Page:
the crossing cottage at Moynure lane, and ran into the ordinary passenger train
which left Birr at 9.15 a.m. For at least the past half century there has been none
such in the experience of the G.S. & W. R. Company, and in a miniature way it
resembled very much the awful calamity which occurred twenty years ago on the
great Northern line when a couple of hundred school-
their lives. With the word first going round the wildest stories passed to and fro, but
after eliminating these rumours the facts are melancholy enough. The train got to
Roscrea to time. Here there was another crowd of intending tourists for
Queenstown, and as soon as the train slowed in there was the usual rush for
places. Just then the engine was detached to take on more carriages, and on the
return gave the waiting carriages a knock which instantly set them in motion before
the couplings could be joined. lt also appears that the guard, from no fault of his
own, had not put on the brake. The motion beginning gradually, accelerated until
the speed was variously reckoned at from 15 to 25 miles an hour. Be that as it may,
the uncontrolled "runaway" travelled to near Brosna. The Birr guard and engine
driver, seeing the approach on the single line, both doing their work with presence
of mind and promptitude, managed to bring their train to a stand just as the fugitive
nine or ten carriages were on top of them. There was not a moment's time for
running back but several passengers of the ordinary train seeing the peril jumped
out, and strange to say the collision, although so tremendous that the funnel of the
engine was shot into the air as from a catapult, the occupants escaped, save one or
two who sustained slight bruises and cuts. Far otherwise, alas! ls the tale to be
related of the excursion train? Five of the coaches were totally wrecked. A number
of clergymen suffered most, and how any escaped from instant death is a mystery,
three carriages being telescoped and broken. Mr Hayes, the Roscrea
Stationmaster, was on the Roscrea footboard when the carriages began to move,
and had a most exciting time of it until he adroitly slid down with an alacrity that
cannot be too highly praised. A number of the ordinary passengers did all in their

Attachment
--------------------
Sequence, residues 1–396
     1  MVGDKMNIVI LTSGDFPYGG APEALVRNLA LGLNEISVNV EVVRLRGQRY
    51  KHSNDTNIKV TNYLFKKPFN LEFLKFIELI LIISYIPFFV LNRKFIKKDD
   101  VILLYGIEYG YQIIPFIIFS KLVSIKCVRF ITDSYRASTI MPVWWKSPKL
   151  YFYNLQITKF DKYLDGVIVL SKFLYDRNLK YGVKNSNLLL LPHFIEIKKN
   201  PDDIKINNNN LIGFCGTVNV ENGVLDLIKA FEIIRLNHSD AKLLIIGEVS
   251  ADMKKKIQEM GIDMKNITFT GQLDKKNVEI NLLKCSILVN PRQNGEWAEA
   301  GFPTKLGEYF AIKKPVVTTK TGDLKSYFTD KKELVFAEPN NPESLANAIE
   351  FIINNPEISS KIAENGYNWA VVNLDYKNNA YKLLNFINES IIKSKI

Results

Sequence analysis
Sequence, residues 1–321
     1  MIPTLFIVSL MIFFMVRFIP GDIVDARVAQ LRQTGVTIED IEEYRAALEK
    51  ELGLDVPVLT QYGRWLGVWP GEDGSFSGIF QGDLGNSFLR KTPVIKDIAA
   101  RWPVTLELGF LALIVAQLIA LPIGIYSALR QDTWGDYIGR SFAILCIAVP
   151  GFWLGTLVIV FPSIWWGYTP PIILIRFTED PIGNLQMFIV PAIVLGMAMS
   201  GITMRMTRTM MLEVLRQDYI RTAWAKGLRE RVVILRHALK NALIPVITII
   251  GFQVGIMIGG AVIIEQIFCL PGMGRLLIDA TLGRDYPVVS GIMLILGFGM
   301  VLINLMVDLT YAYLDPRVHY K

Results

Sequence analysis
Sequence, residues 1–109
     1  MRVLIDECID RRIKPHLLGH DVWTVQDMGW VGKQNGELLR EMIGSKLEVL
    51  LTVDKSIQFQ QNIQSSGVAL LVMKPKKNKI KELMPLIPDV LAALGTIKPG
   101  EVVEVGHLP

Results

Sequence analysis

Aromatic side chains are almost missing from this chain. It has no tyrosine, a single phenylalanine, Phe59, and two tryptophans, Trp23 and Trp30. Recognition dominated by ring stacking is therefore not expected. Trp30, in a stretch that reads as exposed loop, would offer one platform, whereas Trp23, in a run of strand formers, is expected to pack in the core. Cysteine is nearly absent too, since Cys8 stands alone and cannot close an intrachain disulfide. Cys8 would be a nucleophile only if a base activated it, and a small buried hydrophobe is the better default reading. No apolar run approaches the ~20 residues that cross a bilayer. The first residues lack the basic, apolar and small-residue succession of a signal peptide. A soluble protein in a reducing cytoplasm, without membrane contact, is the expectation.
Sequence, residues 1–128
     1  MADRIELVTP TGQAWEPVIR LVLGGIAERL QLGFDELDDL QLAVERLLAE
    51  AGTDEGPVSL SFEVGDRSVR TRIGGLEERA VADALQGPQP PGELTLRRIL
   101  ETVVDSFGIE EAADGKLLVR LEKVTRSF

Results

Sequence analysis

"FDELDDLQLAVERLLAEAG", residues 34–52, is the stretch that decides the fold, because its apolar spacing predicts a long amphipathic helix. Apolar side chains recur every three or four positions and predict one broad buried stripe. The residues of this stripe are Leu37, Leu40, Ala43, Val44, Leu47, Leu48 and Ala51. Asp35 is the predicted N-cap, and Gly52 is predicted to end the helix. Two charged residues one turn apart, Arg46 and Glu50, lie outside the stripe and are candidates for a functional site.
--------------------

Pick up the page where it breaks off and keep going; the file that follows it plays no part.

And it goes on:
power to afford succour by bringing out the injured, and the helpers in this were Mr
J. J. Kennedy, solr. and Mr W Carroll, Arabeg. Numbers of the uninjured
whose own escape was miraculous; Mr J.F.Power, solr. Birr, &c., &c. Mr Willington,
J.P., being on the opposite side of the river plunged in at once got the seats out and
converted them into stretchers which proved most timely. Messengers were at
once despatched to Roscrea for medical aid, and with most admirable tact Mr
O'Keeffe, stationmaster at Birr, sent out requests to the local doctors who, on their
part, were not slow to respond. Dr Fleury dashed away in his motor car, Dr
D'Alton's on a motor bicycle. Dr F Woods on a bike, and Col. C. Woods drove, all
from Birr; Dr Graham, Shinrone; and Dr Gilligan, Cloughjordan, also assisted, while
the Roscrea gentlemen, Drs. Powell, Wallace, Murray, Houlihan, &c., were no less
punctual and valuable in their services. Meantime a break-
despatched from Thurles who tackled the clearing away of the debris and kept at it
until well into Tuesday night when the line was clear. lt might have been thought
that the permanent way would have been ripped up, but beyond some sleepers
being torn up the ground damage was trifling. The rail traffic being stopped,
busses, brakes and cars were substituted, and these were engaged in conveying
some of the wounded to their homes. From the Kingsbridge was despatched
special trains, and as soon as possible the more serious cases were removed to
Dublin; but it was deemed best to not risk the long journey in the case of the Rev. J.
Cunningham P.P., Kinnitty, whose badly lacerated forehead was only part of his
injuries which border, we regret to hear, on being described as dangerous. Owing
to the confusion and other difficulties only a partial list of the casualties could be